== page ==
I am pleased to announce that I am leaving my job at the end of the month for a (hopefully) better and (definitely) better paid one. It’s both a happy and sad time for me, I have some lovely friends in my current job who I will miss, but I’m looking forward to a new start. I got to thinking about one of my colleagues; a bit of context here, I have been in my current job for about 5 years and during that time she has yoyoed up and down more times than I can think about. When I started, she had just shed all her weight and was a healthy size 12, but within 18 months she had ballooned to a size 22. She then lost weight with Weightwatchers to become a size 10 (which I personally thought was too thin for her frame but that’s not really my business) and maintained it for a few months before piling the weight back on, plus a bit extra. Then she followed Lighter Life (sort of) and went down to a size 16, but has now gone back up to a size 24, and has now embarked on a new weight loss program via a local pharmacy. Phew, that’s a lot of ups and downs!

Now I know my weight has gone up and down in the past (although not to such extremes) but I am taking my colleague as an example because I think it’s much easier to see the mistakes others make, hopefully I will be able to use the example of my colleague, S, to help myself and others avoid these common mistakes.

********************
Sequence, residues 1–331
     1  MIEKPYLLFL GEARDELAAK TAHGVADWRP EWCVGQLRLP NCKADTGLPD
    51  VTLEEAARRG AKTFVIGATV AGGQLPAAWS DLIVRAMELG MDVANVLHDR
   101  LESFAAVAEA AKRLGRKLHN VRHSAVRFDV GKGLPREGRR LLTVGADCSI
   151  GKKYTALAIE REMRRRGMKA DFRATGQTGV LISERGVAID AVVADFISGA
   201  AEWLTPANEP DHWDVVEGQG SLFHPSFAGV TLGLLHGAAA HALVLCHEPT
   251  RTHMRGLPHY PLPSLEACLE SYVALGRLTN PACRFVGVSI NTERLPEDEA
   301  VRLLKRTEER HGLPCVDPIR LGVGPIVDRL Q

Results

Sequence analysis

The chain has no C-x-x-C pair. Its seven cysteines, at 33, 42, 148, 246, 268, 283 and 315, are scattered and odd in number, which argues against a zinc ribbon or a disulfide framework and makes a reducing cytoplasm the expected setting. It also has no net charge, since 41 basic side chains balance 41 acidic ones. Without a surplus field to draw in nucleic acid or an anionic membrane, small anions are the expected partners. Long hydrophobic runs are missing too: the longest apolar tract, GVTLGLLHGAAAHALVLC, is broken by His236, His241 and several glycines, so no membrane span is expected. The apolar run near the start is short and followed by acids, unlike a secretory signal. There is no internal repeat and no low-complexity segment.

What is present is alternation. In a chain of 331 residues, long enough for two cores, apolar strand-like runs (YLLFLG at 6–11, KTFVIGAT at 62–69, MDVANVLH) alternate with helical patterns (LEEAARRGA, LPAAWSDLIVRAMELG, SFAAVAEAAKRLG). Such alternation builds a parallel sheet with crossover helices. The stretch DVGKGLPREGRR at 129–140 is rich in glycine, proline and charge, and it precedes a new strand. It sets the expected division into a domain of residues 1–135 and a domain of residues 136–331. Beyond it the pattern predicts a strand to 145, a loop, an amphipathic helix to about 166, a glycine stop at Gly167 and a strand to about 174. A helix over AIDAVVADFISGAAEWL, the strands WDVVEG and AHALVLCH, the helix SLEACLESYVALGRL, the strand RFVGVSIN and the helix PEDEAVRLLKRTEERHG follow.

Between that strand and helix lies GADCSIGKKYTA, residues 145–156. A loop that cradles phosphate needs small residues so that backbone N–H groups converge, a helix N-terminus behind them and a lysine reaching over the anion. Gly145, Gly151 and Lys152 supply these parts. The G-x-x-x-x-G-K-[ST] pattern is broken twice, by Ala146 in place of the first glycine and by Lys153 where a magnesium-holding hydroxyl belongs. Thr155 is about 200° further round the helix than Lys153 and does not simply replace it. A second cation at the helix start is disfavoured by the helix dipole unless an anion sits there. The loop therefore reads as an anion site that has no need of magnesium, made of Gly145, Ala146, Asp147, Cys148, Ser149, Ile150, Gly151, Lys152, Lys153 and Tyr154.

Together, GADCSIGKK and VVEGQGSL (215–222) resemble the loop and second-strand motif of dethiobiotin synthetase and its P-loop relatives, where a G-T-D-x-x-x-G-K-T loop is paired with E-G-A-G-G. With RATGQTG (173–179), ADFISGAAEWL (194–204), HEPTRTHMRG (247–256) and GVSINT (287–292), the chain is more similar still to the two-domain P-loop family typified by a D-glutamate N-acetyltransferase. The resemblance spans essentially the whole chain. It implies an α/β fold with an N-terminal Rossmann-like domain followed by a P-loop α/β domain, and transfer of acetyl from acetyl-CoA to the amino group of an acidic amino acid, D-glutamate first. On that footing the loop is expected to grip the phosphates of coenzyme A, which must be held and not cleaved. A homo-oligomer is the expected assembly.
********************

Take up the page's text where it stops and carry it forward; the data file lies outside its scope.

When S is on a diet, she gives it everything she’s got. She eats salad and fruit, almost to the exclusion of everything else. I’ve even known her to go out for meals with her children and refuse to eat because she won’t pay for salad and feels she can’t have anything else from the menu. She has a list of “safe” foods and sticks to it religiously. Of course, this kind of lifestyle isn’t sustainable in the long term, so when she reaches the end of the diet, she goes back to her previous unhealthy ways, and begins to put weight on again. The only way to get out of this kind of cycle is to change your mindset. I hate the word ‘diet’; it has all sorts of restrictive and unhealthy connotations when used in its now frequent form (as in “no I can’t, I’m on a…)

I think that the whole mindset of being on or off a diet can be quite damaging as a whole. Many people, like S, are very restricted when on a diet – think cabbage soup diet, Slim-Fast, Atkins and any number of celebrity diets. So they lose the weight, and often very quickly, but once they stop dieting or even during their diet times they have a splurge and eat all the things they’ve banned. It is a hard cycle to break, but psychologically and physically, the results of yo-yo dieting can be just as damaging as being overweight.

Other mistakes that S had made (in my opinion) include exercising madly during her diet, but doing none when it was complete. Exercise is obviously an integral part of a healthy lifestyle and should be undertaken for health rather than just for weight control. Now she has hip problems which prevent her from doing her exercise of choice, but refuses to explore other options. Additionally, she has been offered support from her doctor and local nurse with weight loss but refused it because she felt they would judge her for having regained the weight she lost. She has refused help from all quarters, including the psychological help she explained to me as being an integral part of Lighter Life (even though I think the plan itself is ridiculous), which seemed like a waste of her money to me – imagine paying for therapy and then not going to it!

So there you have it: the problems I believe lead to yo-yo dieting are mindset, obsession and refusal to accept help or examine underlying causes of overeating. I can’t say that I am innocent of these things myself, but now I have identified them in someone else I can find ways of avoiding them in my own life.